The Néstor Kirchner gas pipeline successfully completed its filling and trial period and is now fully operational and ready to transport gas from Vaca Muerta to Buenos Aires city.
This new milestone for the pipeline, the first of its kind in Argentina, represents “the start of a new era” with less imports and the creation of more local jobs, said Agustín Gerez, president of the state owned oil and energy company Energía Argentina.
The 573 kilometer-long pipeline is full with 25 million cubic meters of gas from Vaca Muerta. The process will continue now with the opening and closing of 17 valves to complete the security protocol.
After this last trial stage, public officers expect the NK pipeline to be connected to the Neuba II pipeline, one of the main infrastructures providing gas to the Buenos Aires region, and in three to four days will start transporting gas to Buenos Aires city and surrounding areas.
History of the Néstor Kirchner gas pipeline
The NK gas pipeline was launched July 9 in an event with President Alberto Fernández, Vice President Cristina Fernández de Kirchner and Economy Minister Sergio Massa. That day, the last valve to start the filling process was opened.
The pipeline’s path starts at the gas treatment plant in Tratayén, Neuquén, which is located at the heart of the Vaca Muerta shale oil and shale gas deposit. It then goes through the provinces of Río Negro and La Pampa, all the way to the town of Salliqueló in Buenos Aires province.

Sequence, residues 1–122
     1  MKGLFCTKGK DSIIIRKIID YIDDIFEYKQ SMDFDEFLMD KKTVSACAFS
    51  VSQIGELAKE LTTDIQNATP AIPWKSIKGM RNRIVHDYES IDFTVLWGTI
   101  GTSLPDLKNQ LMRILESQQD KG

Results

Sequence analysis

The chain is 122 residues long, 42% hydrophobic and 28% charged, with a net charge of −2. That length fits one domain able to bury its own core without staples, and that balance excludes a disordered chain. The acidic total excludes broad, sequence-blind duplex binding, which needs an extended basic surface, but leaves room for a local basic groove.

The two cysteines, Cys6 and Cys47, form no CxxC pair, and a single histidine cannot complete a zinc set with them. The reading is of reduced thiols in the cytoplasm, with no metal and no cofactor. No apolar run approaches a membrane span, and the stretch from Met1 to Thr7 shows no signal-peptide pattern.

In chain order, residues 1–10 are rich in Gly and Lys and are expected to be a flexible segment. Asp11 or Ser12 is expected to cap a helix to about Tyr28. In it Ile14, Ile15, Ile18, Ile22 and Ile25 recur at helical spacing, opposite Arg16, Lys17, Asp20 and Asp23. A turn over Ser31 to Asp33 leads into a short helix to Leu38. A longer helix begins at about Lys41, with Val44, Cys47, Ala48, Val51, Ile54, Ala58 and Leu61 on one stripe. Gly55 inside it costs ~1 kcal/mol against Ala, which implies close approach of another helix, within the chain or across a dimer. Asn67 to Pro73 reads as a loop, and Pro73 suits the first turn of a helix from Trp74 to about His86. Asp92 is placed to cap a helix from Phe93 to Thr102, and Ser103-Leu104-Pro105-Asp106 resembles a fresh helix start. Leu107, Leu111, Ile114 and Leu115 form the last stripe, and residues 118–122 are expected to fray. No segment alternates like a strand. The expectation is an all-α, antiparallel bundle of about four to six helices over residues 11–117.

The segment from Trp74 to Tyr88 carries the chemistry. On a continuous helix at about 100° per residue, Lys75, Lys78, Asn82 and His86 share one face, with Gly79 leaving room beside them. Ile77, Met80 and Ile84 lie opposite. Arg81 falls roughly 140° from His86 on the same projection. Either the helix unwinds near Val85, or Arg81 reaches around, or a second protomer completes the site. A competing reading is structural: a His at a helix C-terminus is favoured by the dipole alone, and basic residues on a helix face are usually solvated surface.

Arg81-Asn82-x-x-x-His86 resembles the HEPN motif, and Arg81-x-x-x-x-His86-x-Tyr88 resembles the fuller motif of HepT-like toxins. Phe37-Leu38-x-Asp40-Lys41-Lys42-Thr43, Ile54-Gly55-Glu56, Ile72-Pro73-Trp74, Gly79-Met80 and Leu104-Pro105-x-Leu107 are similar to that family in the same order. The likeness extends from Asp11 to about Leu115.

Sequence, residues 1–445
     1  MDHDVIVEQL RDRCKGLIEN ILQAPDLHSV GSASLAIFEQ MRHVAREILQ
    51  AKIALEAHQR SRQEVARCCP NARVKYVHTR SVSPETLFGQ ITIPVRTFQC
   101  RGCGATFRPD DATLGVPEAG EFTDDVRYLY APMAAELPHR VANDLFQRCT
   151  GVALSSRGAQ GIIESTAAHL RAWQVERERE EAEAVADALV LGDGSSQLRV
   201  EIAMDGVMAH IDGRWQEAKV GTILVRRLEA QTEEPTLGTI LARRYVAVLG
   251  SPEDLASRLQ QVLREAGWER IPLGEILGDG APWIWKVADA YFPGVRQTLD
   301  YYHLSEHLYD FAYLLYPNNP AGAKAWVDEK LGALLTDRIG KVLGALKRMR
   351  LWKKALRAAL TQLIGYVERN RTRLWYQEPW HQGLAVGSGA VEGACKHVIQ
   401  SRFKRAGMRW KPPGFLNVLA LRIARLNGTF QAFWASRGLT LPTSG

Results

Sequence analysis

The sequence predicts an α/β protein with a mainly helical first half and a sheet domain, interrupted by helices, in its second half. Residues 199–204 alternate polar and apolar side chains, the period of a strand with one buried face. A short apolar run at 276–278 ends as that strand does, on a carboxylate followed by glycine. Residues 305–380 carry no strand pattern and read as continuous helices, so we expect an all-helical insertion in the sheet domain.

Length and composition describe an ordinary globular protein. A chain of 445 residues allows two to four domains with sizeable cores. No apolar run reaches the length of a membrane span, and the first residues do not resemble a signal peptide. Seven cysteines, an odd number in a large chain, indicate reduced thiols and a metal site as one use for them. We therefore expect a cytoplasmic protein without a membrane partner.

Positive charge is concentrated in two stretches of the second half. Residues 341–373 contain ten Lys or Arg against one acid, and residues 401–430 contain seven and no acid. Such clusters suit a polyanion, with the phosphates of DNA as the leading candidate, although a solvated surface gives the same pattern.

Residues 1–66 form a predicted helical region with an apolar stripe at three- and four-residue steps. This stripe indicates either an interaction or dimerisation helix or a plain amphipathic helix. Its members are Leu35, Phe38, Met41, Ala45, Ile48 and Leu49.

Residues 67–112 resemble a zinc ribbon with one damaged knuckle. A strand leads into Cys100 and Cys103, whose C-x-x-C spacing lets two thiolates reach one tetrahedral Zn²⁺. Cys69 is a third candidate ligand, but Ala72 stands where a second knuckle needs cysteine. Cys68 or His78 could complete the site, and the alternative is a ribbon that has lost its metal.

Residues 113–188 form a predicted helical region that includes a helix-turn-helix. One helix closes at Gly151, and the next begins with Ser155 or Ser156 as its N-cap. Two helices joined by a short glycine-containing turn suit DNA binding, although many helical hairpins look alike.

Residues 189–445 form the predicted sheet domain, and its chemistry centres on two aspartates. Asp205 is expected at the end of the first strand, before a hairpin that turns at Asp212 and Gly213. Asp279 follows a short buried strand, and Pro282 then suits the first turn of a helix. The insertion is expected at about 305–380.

Work on the NK pipeline started in August 2022. The last of over 47,700 pipes was welded on May 12, each 12 meters long, and the filling-up process started a week later.
According to official numbers, the pipeline is set to save Argentina US$1.7 billion in gas imports for the rest of 2023. Savings will grow to US$4.2 billion for the entirety of 2024, by replacing liquefied natural gas, gas provided from Bolivia, and liquid fuel imports, while increasing the availability of gas at competitive prices for industry, businesses, and homes.
The government is also preparing to work on the reversal of the gas flow of a tranche of the North Gas Pipeline. Currently, Argentina imports gas from Bolivia. If the flow is reversed, it would be able to go from the south of Argentina to the north , supplying gas to the Argentine Northwest from the Vaca Muerta shale region, which spans the provinces of Neuquén, Río Negro, La Pampa, and Mendoza.
The northern pipeline project will involve building a 150-kilometer pipeline in Córdoba province that will connect the country’s northern and southern gas transport systems. It will also allow exports from northern Argentina to Chile, and to Brazil via Bolivia, thanks to existing infrastructure.